Java Reference
In-Depth Information
games. As you read through this section, spare a thought for those early
pioneers who had to build all of this from scratch.
8.3.1 The Full-Screen Canvas
The game canvas supplied as part of MIDP 2.0 allows the game to take
over the full screen real estate - or at least as much as the implementation
allows (UIQ devices do not allow complete use but they tend to have
larger screens in any case). Prior to this, developers were stuck with
even smaller areas than are around today, unless they leveraged custom
libraries provided by the phone manufacturers. One example of this was
the Nokia UI which provided a full-screen canvas.
8.3.2 Game Key Mappings
These are an abstraction of the basic actions taken by players during a
game. In most cases, these actions are moving left or right, up or down
and triggering some action such as firing a weapon or jumping. This
allows Java ME game code to work over a variety of hardware input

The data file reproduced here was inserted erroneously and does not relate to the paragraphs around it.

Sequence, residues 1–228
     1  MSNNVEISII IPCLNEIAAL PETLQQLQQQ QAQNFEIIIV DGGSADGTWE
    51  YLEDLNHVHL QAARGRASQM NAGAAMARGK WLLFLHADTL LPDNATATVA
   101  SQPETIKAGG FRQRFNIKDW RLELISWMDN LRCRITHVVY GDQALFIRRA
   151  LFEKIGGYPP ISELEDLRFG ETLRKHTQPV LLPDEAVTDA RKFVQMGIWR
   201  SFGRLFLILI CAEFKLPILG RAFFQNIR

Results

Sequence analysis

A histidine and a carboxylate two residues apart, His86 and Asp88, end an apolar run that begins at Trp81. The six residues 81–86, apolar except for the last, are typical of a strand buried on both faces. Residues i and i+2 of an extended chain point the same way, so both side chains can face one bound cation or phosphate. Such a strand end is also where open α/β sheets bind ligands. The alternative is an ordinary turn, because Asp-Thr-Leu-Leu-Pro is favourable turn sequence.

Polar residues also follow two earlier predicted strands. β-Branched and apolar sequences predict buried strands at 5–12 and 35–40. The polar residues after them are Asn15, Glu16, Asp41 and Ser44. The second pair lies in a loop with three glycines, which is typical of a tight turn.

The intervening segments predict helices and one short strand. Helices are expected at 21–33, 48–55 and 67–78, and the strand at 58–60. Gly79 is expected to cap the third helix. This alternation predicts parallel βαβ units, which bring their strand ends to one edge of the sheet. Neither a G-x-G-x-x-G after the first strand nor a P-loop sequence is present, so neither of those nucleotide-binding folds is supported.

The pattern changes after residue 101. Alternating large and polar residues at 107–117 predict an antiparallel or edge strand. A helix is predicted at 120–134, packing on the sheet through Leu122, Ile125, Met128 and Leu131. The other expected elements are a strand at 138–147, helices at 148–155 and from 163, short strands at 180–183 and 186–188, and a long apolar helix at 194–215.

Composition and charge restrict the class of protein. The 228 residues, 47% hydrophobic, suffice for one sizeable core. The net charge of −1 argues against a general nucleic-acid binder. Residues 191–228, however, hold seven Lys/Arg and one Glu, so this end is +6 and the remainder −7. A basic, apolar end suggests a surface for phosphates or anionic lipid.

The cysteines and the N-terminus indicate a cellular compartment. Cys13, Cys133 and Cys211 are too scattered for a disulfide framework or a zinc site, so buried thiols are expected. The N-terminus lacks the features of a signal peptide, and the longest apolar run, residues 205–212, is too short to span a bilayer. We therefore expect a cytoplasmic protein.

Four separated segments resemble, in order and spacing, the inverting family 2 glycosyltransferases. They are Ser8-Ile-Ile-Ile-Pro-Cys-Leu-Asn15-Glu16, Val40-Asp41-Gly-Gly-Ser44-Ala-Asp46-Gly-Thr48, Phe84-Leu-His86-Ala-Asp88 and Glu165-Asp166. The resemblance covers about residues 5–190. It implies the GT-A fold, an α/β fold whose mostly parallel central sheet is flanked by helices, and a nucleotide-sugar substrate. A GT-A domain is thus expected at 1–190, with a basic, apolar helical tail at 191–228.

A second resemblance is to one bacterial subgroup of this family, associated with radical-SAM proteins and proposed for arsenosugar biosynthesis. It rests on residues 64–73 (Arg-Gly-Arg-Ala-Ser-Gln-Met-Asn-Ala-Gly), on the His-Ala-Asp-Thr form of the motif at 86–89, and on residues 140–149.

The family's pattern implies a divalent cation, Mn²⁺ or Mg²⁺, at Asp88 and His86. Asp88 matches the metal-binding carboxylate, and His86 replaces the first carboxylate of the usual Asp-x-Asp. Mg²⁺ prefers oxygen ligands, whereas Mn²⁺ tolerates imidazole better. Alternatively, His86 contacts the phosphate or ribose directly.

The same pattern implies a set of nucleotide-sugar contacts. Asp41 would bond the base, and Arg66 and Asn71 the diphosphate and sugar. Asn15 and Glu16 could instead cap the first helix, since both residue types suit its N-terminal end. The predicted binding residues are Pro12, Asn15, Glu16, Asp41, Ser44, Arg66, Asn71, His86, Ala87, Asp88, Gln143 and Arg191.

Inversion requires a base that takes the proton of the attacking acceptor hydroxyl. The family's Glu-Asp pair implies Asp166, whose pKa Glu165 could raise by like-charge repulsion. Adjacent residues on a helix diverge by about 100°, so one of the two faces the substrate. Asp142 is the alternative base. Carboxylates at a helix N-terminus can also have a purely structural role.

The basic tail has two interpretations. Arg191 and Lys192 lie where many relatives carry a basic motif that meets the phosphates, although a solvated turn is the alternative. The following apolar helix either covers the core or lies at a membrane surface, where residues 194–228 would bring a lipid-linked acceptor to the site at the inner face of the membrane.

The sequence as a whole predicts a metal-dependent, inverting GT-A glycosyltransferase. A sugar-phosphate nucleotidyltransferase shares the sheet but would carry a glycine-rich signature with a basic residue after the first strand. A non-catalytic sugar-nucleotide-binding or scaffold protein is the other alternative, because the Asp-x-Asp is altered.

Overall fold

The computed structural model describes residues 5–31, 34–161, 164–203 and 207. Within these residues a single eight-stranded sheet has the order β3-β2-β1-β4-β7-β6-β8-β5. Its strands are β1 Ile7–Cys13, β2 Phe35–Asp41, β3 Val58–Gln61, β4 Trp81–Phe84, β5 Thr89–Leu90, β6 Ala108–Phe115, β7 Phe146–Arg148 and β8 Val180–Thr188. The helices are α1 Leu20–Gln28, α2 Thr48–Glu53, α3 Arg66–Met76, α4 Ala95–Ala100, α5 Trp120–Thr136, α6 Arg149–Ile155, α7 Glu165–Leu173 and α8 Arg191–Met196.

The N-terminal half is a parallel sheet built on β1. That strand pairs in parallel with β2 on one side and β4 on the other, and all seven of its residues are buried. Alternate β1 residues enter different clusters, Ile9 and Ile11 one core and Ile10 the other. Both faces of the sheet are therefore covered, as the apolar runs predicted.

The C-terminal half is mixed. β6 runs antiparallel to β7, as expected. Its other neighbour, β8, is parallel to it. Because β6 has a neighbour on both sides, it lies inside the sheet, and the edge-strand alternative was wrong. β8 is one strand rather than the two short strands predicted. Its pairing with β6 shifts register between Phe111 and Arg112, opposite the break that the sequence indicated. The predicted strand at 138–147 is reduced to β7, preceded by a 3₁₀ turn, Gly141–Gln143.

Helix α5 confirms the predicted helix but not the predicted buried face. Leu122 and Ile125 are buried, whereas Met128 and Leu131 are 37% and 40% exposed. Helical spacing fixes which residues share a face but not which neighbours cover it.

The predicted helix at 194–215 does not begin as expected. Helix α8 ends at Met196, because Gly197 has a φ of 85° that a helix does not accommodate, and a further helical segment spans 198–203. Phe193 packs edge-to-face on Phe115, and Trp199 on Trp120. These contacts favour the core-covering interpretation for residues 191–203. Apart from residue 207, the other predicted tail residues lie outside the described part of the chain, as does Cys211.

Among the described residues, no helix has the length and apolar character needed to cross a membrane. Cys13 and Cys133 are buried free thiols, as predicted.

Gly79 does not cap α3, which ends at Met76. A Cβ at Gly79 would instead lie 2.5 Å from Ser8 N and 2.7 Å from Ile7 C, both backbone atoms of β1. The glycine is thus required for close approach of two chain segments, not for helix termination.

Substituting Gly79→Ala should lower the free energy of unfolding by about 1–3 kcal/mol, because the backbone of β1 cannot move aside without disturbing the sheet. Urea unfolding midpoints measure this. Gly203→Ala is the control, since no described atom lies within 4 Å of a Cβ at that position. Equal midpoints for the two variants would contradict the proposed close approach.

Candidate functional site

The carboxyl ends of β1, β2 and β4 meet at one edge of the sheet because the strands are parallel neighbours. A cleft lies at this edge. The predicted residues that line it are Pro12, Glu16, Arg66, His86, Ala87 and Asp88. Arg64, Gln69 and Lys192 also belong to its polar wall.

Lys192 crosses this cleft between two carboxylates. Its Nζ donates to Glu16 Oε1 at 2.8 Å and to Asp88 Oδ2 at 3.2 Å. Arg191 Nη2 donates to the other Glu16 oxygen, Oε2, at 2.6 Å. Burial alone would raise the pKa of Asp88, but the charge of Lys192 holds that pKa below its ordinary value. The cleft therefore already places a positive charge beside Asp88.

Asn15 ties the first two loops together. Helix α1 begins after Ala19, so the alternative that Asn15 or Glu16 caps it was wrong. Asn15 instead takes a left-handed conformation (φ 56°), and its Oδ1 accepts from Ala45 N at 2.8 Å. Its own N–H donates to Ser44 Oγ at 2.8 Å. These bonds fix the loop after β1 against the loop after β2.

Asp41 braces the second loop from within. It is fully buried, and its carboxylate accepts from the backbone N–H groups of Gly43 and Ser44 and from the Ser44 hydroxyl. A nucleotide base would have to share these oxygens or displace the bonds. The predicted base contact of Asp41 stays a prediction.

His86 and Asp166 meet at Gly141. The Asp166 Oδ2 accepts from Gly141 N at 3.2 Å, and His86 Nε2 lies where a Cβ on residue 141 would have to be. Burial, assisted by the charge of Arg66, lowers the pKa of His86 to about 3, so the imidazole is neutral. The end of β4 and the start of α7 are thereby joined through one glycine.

methods as each manufacturer can map, for example, the UP action to
an input method best suited to the device.
Game actions are defined as fields of the Canvas class. The code
snippet below demonstrates how to extract the game action in an event
public void keyPressed(int keyCode) {
int gameAction = getGameAction(keyCode);
switch(gameAction) {
case Canvas.FIRE: ...
case Canvas.UP: ...
8.3.3 Painting and Double Buffering
The GameCavas provides double buffering by default. The painting
model is such that all drawing occurs to an offscreen buffer which is then
sent to the display using the flushGraphics() method. As a devel-
oper, your task is to provide an implementation of the paint() method.
It is called by the framework: you should never call this method yourself.
Application-initiated painting is done via the repaint() and ser-
viceRepaints() methods. Calling repaint() only issues a request
to update the screen - it completes immediately and the framework calls
your paint() method asynchronously. In this manner, a number of
calls to repaint() may actually result in only a single update. The
serviceRepaints() method is synchronous and forces any pending
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